"As a story, it was my first time as a young science fiction fan really contemplating the idea of a neural network in a human population. If Jonas and The Giver are able to store and share memories, memories that had to be catalogued and saved, there would have to be an unbelievable degree of telepathy in the future evolution of the human race, or - the more entertaining thought experiment - the human population mastered the neural net before the book begins. The Elders use listening devices in the homes, so it's probably not a remote-access neural network, but to control a population to the degree that they stop seeing color would be a lot easier if you could monkey around with the thought systems of each non-released member of society. And if this net gets buggy? "Release" the error. I thought about this so much it eventually lead me to the William Gibson's Burning Chrome that included Johnny Mneonic, which was turned into a not-so-good movie with a guy named Keanu Reeves who expanded my thinking on the neural net into The Matrix in 1999. It started with The Giver though, and sketches in my 7th grade English notebooks of trees of wires lighting up Jonas' cranium."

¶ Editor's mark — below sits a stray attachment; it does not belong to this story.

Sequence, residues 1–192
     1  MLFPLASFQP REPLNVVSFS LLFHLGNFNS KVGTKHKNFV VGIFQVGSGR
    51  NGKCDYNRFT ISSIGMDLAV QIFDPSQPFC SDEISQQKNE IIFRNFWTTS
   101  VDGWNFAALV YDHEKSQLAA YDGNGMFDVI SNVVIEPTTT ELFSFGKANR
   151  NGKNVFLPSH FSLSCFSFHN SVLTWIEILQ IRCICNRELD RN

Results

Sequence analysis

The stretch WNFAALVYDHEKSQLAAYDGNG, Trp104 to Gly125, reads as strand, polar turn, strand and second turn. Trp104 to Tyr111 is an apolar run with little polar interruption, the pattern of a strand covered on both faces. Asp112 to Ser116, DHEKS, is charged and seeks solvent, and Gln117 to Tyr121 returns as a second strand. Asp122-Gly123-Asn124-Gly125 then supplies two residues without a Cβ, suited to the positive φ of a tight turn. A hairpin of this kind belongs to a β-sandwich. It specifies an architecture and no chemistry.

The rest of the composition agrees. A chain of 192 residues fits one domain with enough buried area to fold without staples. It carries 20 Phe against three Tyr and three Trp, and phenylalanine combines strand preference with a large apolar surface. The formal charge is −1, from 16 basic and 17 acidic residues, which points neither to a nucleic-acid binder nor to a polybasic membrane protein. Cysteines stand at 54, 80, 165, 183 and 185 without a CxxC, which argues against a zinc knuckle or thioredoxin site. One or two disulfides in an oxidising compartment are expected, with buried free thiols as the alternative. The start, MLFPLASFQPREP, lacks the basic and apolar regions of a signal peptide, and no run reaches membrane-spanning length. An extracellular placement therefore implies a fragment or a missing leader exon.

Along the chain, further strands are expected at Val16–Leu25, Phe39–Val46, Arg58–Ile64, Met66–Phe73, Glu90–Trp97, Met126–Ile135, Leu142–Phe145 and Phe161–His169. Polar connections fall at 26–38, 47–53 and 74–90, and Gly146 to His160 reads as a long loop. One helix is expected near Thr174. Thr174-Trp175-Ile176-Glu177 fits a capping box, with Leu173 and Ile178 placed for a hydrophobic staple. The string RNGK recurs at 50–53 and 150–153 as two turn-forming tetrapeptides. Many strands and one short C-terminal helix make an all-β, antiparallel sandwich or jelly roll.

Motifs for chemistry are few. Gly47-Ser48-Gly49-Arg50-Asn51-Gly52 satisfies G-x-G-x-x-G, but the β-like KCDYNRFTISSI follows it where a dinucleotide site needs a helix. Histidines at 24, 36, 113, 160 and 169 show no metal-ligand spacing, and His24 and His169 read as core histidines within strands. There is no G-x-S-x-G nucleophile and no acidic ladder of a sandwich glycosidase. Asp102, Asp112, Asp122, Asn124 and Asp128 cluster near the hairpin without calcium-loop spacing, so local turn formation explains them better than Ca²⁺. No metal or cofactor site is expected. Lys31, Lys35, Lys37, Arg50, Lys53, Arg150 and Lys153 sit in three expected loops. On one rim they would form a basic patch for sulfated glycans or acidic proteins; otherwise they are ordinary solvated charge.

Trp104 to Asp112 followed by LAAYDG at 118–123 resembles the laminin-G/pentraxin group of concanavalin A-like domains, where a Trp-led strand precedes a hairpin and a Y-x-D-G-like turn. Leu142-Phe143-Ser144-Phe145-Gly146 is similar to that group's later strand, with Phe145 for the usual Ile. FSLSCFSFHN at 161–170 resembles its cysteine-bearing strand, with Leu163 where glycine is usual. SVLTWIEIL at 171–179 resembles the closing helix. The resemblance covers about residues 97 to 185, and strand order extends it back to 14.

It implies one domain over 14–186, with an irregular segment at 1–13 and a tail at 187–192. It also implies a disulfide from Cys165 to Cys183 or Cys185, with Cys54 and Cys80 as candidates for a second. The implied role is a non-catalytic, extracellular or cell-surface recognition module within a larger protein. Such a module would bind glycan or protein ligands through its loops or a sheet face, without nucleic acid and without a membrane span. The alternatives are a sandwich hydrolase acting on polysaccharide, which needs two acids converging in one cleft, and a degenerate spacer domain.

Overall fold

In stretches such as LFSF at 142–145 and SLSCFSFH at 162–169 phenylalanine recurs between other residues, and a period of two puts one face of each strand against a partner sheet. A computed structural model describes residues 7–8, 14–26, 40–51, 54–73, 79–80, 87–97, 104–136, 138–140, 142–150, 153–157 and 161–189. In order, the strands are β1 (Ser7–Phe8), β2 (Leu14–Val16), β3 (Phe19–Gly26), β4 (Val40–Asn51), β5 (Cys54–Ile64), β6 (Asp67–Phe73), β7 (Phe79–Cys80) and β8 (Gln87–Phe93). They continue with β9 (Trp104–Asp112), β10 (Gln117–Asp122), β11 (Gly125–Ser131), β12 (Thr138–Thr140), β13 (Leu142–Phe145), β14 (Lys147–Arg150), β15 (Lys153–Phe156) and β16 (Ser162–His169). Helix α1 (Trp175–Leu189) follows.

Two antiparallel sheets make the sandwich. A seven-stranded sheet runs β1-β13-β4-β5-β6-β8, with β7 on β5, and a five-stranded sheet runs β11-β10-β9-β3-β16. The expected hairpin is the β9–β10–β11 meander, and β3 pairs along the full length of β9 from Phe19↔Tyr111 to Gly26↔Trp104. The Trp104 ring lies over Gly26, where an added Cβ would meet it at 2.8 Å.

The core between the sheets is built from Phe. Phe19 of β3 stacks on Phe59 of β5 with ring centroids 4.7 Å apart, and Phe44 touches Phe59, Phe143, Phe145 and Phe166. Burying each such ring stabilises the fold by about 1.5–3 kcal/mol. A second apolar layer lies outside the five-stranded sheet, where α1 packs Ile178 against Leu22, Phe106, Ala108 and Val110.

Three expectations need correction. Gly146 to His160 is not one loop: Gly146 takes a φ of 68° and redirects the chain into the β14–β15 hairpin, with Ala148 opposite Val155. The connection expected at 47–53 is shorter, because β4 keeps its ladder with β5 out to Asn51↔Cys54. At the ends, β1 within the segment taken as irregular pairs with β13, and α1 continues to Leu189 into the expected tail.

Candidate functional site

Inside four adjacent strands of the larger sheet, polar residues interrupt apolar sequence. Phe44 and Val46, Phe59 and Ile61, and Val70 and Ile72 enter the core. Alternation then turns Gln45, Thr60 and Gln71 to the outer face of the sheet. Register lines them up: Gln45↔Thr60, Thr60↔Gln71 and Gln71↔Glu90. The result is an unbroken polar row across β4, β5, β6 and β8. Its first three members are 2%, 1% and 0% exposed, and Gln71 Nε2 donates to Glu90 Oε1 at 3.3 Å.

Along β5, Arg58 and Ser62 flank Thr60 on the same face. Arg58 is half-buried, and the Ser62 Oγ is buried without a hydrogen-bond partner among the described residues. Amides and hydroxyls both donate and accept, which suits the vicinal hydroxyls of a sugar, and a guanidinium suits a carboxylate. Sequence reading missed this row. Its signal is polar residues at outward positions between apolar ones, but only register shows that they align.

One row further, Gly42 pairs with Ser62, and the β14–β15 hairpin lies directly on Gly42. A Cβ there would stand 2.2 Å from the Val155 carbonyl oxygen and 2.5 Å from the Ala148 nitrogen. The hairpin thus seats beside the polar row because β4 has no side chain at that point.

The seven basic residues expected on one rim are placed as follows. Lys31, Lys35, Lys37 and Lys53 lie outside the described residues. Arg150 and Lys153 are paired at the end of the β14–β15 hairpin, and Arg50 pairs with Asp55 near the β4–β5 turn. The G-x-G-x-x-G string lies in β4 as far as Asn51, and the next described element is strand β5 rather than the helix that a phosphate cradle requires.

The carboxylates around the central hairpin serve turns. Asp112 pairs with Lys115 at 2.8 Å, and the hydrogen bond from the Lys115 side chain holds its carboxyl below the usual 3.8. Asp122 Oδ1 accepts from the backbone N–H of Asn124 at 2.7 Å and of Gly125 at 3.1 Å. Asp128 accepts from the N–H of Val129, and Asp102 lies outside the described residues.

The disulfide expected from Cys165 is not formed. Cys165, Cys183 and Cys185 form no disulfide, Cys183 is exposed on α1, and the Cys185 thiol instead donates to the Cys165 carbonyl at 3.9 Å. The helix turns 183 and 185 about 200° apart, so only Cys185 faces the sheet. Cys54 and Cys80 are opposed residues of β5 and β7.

The Giver wasn't the first dystopian book ever penned, but as you can see, it was often one of the first scifi books many folks read. It wasn't quite my first science fiction novel (that was Ender's Game), but it was my first dalliance into the idea of a dystopia. The Giver lead to finding The Girl Who Owned A City, Brave New World, 1984, and eventually a bit later, High-Rise and Logan's Run. It was a fire starter for scifi reading, and it was penned in an accessible way that would open younger minds to branch out into genre reading.
The Giver may have been published more than 20 years ago, but the themes and material inside the book still matter today. And it accomplished all of this without having to murder a bunch of kids on an island or inject some sort of love triangle. It's a relentless page-turner from start to finish that pushes younger readers to question their own existence and place in this world.
Even the ending is a challenge, omitting any follow-up stories or author interviews. If you simply read The Giver cover to cover, you don't actually know what happens to Jonas in the end. Its conclusion is open-ended. Maybe he made it with baby Gabe, or maybe they were just imagining this new world and died in the snow. You weren't told what to think, which was the point. So go ahead and fight about it—that's ok.